Dear Mr. President - Guest Column by Sandra Foster
[img_assist|nid=27567|title=|desc=|link=none|align=left|width=300|height=290]Dear Mr. President,
I began work on the family farm before I was 4 years old. It was my distinct pleasure to run to the field carrying a quart jar of ice water in a paper sack a couple of times a day. I remember to this day how important I felt helping out. No better childhood memories than dad reaching his big hand down and grasping my little hand, gently lifting me up beside him on the big tractor. I would pretend to drive while dad drank his water. But when dad said, “well, girl that really hit the spot I knew it was time to jump down and scamper to the edge of the field. I would stand and watch as he skillfully maneuvered the lumbering equipment back toward the other end before I hurried back to the house to see what else I could do.
Long before I was 16 I already knew how to plant and harvest, which foods were good to eat, how to wash, prepare, cook or can/freeze them for later. Lot of bending, lifting, and working with dangerous equipment involved so listening and following instructions, then being diligent to finish a job was required. I had to think things through and come up with better ways of getting the jobs done. So many amazing things were gained by working on the family farm. We had to work with animals and plants, how to protect, feed, and benefit from nature rather than abuse it.
I knew it was important to share with our neighbors (what a concept, no one told us we had to do it, we really enjoyed helping folks out). Sometimes our neighbors had more than us and they helped us out. I knew not to waste anything, next season might not be as good. There were bugs, heat, cold, and some years were dry some were wetter and we just knew it was under God’s control and we just had to work with Him. We didn’t blame the government and name it global warming or climate change, it just is what it is. You learn stuff like that, important stuff working on the family farm. We even recycled, before it got popular. Those paper cartons/bags (the ones made from the trees we reproduced, not oil we buy from the Middle East) were reusable for so many things. Not rocket science, Grandma called it common sense.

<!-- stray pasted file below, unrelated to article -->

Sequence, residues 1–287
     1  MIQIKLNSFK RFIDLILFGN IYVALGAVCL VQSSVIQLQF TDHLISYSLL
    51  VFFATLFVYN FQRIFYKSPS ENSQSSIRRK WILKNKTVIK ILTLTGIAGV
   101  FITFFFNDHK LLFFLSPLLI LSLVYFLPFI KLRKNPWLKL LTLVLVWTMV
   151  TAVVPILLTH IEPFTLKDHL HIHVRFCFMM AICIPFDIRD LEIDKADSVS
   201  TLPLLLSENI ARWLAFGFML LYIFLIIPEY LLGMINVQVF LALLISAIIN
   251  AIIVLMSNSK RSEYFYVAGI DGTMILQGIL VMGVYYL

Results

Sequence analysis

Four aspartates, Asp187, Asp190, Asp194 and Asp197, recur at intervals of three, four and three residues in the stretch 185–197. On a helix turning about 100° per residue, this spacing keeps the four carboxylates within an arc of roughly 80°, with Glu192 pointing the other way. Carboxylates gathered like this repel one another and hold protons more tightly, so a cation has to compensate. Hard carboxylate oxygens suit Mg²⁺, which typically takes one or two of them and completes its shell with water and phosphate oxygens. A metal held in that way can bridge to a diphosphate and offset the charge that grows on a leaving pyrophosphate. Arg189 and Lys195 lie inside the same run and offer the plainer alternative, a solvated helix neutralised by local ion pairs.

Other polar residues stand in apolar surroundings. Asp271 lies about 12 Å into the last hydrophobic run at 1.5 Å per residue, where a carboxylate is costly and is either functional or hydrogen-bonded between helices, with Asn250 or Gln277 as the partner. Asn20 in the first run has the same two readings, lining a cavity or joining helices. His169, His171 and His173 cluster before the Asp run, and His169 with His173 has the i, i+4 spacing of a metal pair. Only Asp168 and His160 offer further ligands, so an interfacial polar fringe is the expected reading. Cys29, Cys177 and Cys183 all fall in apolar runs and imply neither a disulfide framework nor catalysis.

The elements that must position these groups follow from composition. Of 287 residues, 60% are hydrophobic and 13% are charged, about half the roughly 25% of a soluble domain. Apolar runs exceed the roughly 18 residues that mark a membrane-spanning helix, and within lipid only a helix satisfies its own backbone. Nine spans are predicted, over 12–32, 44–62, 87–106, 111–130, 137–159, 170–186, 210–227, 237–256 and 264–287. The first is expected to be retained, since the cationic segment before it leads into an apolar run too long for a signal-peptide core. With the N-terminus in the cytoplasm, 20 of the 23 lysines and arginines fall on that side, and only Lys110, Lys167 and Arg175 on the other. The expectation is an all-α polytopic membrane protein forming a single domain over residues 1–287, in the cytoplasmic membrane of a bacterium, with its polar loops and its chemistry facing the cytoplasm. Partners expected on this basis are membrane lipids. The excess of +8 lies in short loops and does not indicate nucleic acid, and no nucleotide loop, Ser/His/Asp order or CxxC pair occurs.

When I went off to college I still came home and worked on the family farm as often as I got the chance. When my three brothers and I all graduated, (in four years each….because there wasn’t time or money to just play around), there were no student loans. My dad had a budget and we all lived with what we had. The money we all worked for took care of the important needs and we were grateful . We knew very well that money was not to be squandered but used to create wealth, make another crop, and save for hard times. We didn’t spend money we didn’t have or borrow what we couldn’t pay back. Growing up working on the family farm gave me understanding of these life principles.
Oh, we really didn’t need to belong to the gym. Physical exercise was included right along with the work we did. There are just countless benefits to kids working on the family farm.
I had been wondering what was wrong with you, Mr. President, now I think I know. You didn’t have the opportunity to grow up in America on a family farm. I still think there is hope for you. When you are replaced as Commander in Chief, by someone with more experience maybe you can get a job on a family farm. Not sure who would hire you. You think you are in good shape but you look kind of frail. Starting so late in life will be a real challenge. You will find out you’ll be really sore and it won’t be easy but your hands will toughen up and maybe you can still get the hang some of it. I’m sorry you didn’t have the opportunities some of us had. The whole country would be in much better shape if you had been allowed to work on the family farm. Just because you didn’t get to please don’t prevent others from growing up strong, healthy, and learning to be responsible.
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